“This town is a baby, historically,’’ he said. “If we don’t instill the influence of Christianity in these formative years, it will grow up without it.’’
In 1980, he explained to The Miami Herald that the church should be “wide open to all races and cultures and . . . become a voice for minorities.’’
Schmidt had come to South Florida as an intern in 1949 after graduating from the Lutheran-run Capital University in Bexley, Ohio, where he lettered in football.
Son Matthew, a Florida Power & Light line specialist, said that his father got off the train in Hialeah, walked all the way to Miami Springs toting a suitcase, saw some guys playing basketball in Hook Square, crossed the bridge and joined in.
The congregation liked him so much that they invited him back after he graduated from Trinity Lutheran Seminary, in Columbus, Ohio. He was ordained in June 1951, just after marrying his Constance, the Pan American World Airways flight attendant he had met at church.
Grace Lutheran grew rapidly. A 1956 newspaper story noted that when Schmidt arrived, the congregation consisted of eight families meeting in a recreational hall.
Largely because of his “enthusiasm,’’ membership zoomed to 650 in five years, the story said. Plans were in the works for a $100,000 church building.
Schmidt, then chairing the Youth Recreation Commission of Miami Springs, talked about how much he liked working with kids.
“I believe that teenagers today are morally, spiritually and ethically better than teenagers in days gone by,’’ he said.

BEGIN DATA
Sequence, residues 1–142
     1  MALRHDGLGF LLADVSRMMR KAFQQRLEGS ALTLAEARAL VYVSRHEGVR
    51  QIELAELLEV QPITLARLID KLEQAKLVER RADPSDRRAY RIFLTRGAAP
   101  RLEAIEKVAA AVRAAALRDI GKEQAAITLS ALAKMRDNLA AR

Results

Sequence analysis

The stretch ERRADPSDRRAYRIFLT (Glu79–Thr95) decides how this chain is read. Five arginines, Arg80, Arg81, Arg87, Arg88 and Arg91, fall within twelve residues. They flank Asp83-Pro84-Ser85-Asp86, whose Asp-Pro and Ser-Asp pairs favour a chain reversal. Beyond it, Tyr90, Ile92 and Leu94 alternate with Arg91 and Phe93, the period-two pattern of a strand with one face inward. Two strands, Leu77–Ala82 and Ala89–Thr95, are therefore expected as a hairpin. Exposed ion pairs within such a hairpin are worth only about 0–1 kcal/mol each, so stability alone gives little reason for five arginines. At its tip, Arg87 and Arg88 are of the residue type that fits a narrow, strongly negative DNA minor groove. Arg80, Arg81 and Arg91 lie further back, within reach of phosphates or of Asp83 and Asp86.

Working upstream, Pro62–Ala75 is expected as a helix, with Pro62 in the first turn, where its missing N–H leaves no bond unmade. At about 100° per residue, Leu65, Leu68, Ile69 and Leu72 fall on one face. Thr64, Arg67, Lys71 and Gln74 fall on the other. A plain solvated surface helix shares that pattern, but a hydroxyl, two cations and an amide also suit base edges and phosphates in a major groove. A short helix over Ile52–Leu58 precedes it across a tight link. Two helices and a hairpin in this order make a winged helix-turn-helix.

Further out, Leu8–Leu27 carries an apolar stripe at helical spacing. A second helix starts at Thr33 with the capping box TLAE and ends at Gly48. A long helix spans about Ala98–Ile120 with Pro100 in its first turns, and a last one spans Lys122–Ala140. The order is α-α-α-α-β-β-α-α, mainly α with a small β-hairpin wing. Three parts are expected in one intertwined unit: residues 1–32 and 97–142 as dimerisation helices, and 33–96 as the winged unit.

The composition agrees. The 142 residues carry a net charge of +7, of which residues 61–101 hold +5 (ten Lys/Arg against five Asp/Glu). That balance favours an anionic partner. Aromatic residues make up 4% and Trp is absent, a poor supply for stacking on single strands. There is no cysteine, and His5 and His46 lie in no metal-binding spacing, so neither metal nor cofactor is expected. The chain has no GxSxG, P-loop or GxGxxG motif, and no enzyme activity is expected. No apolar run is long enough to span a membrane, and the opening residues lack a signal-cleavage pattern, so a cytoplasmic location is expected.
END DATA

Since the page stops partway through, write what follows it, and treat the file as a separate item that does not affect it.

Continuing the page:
He and Constance would eventually have teenagers of their own. They adopted son Mark and daughter Laura as infants, then had sons Matthew and Luke.
That almost didn’t happen. In 1959, Schmidt and a fishing buddy nearly drowned after their boat capsized in the ocean about a mile south of Virginia Key. They struggled in the water for nearly two hours, without life jackets, before a Coast Guard helicopter rescued them.
“I know the real meaning of prayer now,’’ Schmidt quipped.
Always fit and active, Schmidt was a passionate Miami Dolphins fan who encouraged his parishioners to get moving. He started church baseball and bowling leagues, and worked on church issues while golfing with lay leaders.
“He always liked to have fun,’’ said Mark, a Key West fishing guide. “If he was dealing with a family emergency, he was serious. But he liked to have parties in the social hall and at the house.’’
In retirement, Schmidt visited parishioners in the hospital, stayed active in the Rotary Club and a church-based senior’s group called Funsters. A rotation of parishioners took him to dinner.
David Imhoff said that in his last weeks, Schmidt got to do some of this favorite things: dance with one of the Funsters ladies and go to a basketball game.
A memorial service is planned for 1 p.m. Feb. 9 at Grace Lutheran, 254 Curtiss Parkway, preceded by visitation at 11 a.m.
The family plans to scatter Schmidt’s ashes off Key Largo, where he went fishing, snorkeling and diving, and kept a mobile home — in the same waters where Constance Schmidt’s ashes were scattered.